(Fig. 9d) in stage 4 clearly indicates the presence of slip lines. The observation of the apparent modulus variation with strain as well as the microstructure in the different stages conrmed that the behaviour is similar in 2 heat-treated specimens. The only difference is the presence of 2 in addition to . Stress-induced produced at the beginning of stage 2 in 2

Fig. 10. Similar stages are observed for alloy in 2 heat-treated condition. Microstructure shows the presence of an additional phase primary 2 . SEM micrographs of electro-polished tensile sample interrupted at the beginning of stage 2 showing SIMT of to are seen for (20% 2 + ).

Fig. 11. XRD of Ti15Al8Nb alloy after deformation in: (a) WQ and (b) 2 WQ condition.

298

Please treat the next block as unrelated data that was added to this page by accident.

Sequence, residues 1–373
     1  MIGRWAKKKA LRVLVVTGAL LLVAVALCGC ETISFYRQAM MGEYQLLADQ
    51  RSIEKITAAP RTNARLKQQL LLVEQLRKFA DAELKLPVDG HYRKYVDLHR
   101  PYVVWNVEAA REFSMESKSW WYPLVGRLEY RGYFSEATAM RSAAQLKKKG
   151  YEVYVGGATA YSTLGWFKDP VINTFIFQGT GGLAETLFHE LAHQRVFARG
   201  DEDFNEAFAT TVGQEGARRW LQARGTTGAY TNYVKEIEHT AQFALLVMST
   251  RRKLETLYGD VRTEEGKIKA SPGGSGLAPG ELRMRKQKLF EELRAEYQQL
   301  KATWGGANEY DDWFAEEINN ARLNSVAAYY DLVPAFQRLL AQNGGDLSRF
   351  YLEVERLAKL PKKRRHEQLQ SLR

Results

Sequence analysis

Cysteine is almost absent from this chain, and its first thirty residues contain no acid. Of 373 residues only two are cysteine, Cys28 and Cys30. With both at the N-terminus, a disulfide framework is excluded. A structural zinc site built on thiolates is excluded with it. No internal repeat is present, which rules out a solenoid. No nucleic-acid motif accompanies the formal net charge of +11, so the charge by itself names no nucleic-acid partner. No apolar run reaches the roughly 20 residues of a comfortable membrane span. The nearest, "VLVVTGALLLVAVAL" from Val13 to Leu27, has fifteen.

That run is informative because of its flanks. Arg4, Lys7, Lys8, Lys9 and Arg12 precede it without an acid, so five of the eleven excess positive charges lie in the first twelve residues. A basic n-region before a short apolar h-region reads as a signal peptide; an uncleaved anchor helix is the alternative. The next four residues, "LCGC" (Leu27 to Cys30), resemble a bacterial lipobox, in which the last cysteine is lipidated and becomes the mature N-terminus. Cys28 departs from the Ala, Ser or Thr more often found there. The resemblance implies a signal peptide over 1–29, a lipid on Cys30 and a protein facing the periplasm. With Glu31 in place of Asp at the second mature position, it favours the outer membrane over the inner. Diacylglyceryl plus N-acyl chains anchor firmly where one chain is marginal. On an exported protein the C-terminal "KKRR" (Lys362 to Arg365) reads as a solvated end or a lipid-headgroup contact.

of the initial microstructural constituents. The stress-induced martensitic transformation commences in the beginning of stage 2 and whatever transformation has to occur is completed by the end of stage 2. Stage 3 corresponds to the elastic deformation of retained + structure prevailing at the end of stages 2 and 4 corresponds to plastic deformation of this mixture. Thus, the change in apparent modulus with strain can be used as an excellent tool to track the different stages of tensile deformation. The change in apparent modulus with strain can also be used to estimate the volume fraction of martensite ( ) if one knows the modulii of and 2 phases. This method could overcome the limitation of measurement of volume fraction of martensite by optical method which is not only time consuming and tedious but also may not be very accurate due to the uncertainties associated in resolving smaller martensitic laths. 4. Summary The tensile curves for all the three alloys in both, and 2 , solution-treated and water-quenched conditions depict four-stage behaviour. It is established that stage 1 represents the elastic deformation of the phases present in initial structure, stage 2 corresponds to stress-induced transformation of to martensite ( ), stage 3 represents the elastic deformation of all the constituent phases and stage 4 corresponds to the plastic deformation of the constituent phases. Acknowledgements The authors like to thank all the members of Titanium group for melting, members of rolling and forging group for processing and members of SFSG group for characterization of the alloys. Authors thank Dr. Vikas Kumar for his help during the experimentation and for helpful discussions. The authors would like to thank DRDO, India, for providing funding and facilities for carrying out this work. The authors would also like to thank Director DMRL, Hyderabad, for permission to publish this work. References